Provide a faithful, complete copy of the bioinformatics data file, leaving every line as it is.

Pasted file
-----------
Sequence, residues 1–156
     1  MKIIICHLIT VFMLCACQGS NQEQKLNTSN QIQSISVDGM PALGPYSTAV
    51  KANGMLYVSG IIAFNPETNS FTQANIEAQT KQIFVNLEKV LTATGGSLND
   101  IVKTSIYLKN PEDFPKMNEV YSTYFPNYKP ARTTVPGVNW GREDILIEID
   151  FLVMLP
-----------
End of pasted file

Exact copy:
Sequence, residues 1–156
     1  MKIIICHLIT VFMLCACQGS NQEQKLNTSN QIQSISVDGM PALGPYSTAV
    51  KANGMLYVSG IIAFNPETNS FTQANIEAQT KQIFVNLEKV LTATGGSLND
   101  IVKTSIYLKN PEDFPKMNEV YSTYFPNYKP ARTTVPGVNW GREDILIEID
   151  FLVMLP